The Securities and Exchange Commission has taken its inquiry into whether Beazer Homes USA has violated federal securities laws to the next level, launching a formal order of private investigation, which gives the SEC the ability to subpoena both documents and testimony.

On Friday (July 20) Beazer received notice of the formal order, Beazer announced in an SEC document filed Monday. "We will continue to cooperate fully with this matter," the company said in the 8-K document.

The initial, less formal inquiry of Beazer by the SEC was announced by the company on May 3. In that stage of the investigation, the SEC gathered information offered voluntarily by sources. If, after that stage is completed, investigators in the SEC's Division of Enforcement feel they need information that has not been forthcoming, they may ask the SEC's five commissioners for the power to subpoena testimony or documents from uncooperative people or entities and the formal order of private investigation is launched.

Beazer's troubles began early this year in the wake of a series of Charlotte Observer stories that focused on the company's high rate of mortgage foreclosures in Charlotte area neighborhoods. The series asserted the foreclosures were sparked by Beazer's aggressive sales tactics and alleged incorrect income numbers were put on loan applications to arrange larger loans than customers could afford.

The series attracted the attention of federal regulators. At the end of March, Beazer said it had received a grand jury subpoena for documents related to its mortgage business from the U.S. Attorney's Office, western district of North Carolina. In April, it hired an independent counsel and an independent financial consultant to investigate internally.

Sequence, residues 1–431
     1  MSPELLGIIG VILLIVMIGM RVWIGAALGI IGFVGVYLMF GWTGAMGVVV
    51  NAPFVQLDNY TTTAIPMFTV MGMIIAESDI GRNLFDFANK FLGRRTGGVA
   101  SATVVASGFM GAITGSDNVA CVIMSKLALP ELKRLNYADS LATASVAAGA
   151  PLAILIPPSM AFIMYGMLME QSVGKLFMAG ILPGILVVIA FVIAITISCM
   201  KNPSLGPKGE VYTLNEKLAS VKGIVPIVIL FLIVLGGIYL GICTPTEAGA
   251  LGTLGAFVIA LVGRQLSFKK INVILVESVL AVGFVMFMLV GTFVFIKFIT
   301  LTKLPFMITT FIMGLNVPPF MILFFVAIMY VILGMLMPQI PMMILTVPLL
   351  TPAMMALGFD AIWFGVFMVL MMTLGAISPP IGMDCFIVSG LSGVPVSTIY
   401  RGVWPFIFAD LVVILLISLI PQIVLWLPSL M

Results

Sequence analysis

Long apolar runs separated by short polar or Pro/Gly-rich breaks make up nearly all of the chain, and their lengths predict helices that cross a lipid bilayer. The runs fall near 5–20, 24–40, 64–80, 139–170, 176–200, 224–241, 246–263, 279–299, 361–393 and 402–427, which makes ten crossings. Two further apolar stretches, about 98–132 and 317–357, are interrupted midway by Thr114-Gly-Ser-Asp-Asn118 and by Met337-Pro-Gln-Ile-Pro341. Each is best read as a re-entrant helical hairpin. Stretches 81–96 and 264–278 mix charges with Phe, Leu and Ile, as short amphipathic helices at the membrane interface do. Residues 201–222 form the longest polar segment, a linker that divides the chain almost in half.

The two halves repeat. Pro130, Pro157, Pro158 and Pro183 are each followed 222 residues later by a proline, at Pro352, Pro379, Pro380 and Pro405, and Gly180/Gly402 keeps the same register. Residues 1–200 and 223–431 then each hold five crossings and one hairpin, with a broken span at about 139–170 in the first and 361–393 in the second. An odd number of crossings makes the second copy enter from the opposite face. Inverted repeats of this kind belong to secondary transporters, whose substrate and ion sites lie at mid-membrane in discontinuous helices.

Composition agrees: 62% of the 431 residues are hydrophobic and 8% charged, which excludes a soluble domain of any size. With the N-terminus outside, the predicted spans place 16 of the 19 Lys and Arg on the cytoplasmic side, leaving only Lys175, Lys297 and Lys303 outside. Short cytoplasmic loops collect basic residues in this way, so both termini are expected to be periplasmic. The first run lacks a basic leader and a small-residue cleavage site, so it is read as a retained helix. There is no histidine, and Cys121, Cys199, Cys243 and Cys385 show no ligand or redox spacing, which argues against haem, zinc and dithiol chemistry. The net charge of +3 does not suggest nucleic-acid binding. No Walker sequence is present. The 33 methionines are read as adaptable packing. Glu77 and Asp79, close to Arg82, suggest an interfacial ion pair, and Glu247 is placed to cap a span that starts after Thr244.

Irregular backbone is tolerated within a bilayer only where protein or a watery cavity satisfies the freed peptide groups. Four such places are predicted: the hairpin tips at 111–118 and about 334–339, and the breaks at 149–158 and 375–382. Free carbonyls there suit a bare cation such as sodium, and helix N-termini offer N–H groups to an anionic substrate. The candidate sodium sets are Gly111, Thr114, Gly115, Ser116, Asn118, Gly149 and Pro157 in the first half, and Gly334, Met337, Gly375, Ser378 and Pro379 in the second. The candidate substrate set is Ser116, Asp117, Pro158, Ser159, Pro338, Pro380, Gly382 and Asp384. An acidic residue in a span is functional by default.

In late April, beneficiaries of the company's 401K plan filed a class action lawsuit alleging the company breached its fiduciary duties by not providing timely, accurate and complete information about its operations. The company has denied any wrongdoing in both cases and has agreed to cooperate fully with any investigation and to defend itself against the allegations.

In late June, Beazer's board of directors fired its chief accounting officer, Michael T. Rand, for attempting to destroy documents. Beazer officials said they found out about Rand during its own internal investigation into the allegations.

Rand was the second senior executive fired this year by Beazer and the third to leave the company. General counsel Kenneth Gary was fired in February for "personal conduct" that violated company policies.